A top Afghan diplomat has launched an urgent appeal for asylum in Australia, saying he will soon have his diplomatic credentials stripped and will be executed by the Taliban following the fall of Kabul.
Prime Minister Scott Morrison on Tuesday conceded that Australia would not be able to help all Afghans who worked with Australian troops on the basis that the government had been unable to track all of them down.
Mr Morrison said he understood many Australian veterans were concerned about the safety of local interpreters and other Afghans they served alongside during the decades-long conflict.
“We will continue to do everything we can for those who have stood with us, as we have to this day,” Mr Morrison said. “But I want to talk openly to veterans that despite our best efforts, I know that support won’t reach all that it should. On the ground events have overtaken many efforts, we wish it were different.”
Australia is trying to work out how to land multiple RAAF aircraft at Kabul airport to rescue almost 600 Australians and Afghans. More than 250 Australian troops are on standby at the ADF’s forward operating base in the United Arab Emirates.
Immigration Minister Alex Hawke announced on Tuesday that no Afghan national in Australia would be deported to Afghanistan while the security situation in the country remains “dire”. But the fate of Afghan diplomats is unclear.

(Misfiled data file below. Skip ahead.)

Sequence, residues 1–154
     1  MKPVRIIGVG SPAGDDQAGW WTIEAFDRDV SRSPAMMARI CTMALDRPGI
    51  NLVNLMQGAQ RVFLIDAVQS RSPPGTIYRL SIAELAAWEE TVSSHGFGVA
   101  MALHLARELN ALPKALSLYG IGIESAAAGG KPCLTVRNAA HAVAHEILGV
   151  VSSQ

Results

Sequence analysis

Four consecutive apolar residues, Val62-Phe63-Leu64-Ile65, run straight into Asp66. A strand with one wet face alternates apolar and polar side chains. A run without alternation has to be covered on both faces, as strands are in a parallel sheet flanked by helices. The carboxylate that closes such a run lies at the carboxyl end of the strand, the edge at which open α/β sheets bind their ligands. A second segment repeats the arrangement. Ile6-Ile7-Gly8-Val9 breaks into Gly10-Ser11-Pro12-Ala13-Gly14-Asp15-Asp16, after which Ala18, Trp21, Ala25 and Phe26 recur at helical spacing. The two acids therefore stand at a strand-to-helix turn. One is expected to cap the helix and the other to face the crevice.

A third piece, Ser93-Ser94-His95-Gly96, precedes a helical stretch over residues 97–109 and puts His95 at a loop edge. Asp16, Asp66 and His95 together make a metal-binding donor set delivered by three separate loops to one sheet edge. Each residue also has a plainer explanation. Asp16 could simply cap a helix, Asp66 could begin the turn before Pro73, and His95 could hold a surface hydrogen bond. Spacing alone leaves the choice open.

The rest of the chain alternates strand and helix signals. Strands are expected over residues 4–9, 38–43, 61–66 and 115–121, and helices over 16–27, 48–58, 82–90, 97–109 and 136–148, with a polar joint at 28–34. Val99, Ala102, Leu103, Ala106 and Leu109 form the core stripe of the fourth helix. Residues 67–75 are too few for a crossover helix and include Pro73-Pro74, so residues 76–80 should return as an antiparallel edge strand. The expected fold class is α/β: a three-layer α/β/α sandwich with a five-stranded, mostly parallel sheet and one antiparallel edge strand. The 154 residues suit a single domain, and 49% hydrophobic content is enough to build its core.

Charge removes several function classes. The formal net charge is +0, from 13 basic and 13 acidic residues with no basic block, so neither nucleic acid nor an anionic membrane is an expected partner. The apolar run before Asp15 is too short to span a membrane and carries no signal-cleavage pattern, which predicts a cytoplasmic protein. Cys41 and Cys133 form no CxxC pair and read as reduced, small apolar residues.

The top Afghan diplomat said the risk to him and his family was “extremely high and we can be targeted and killed at any moment by the Taliban”. He applied for a contributory parent visa to move to Australia in 2019, but has now sent an urgent application for a humanitarian visa after the Taliban captured Kabul.
A letter provided to The Sydney Morning Herald and The Age that appears to have been sent to the diplomat makes threats to his life and that of his family.
The letter, dated July 26, accuses the diplomat of being a “diplomat for an infidel and apostate Administration”.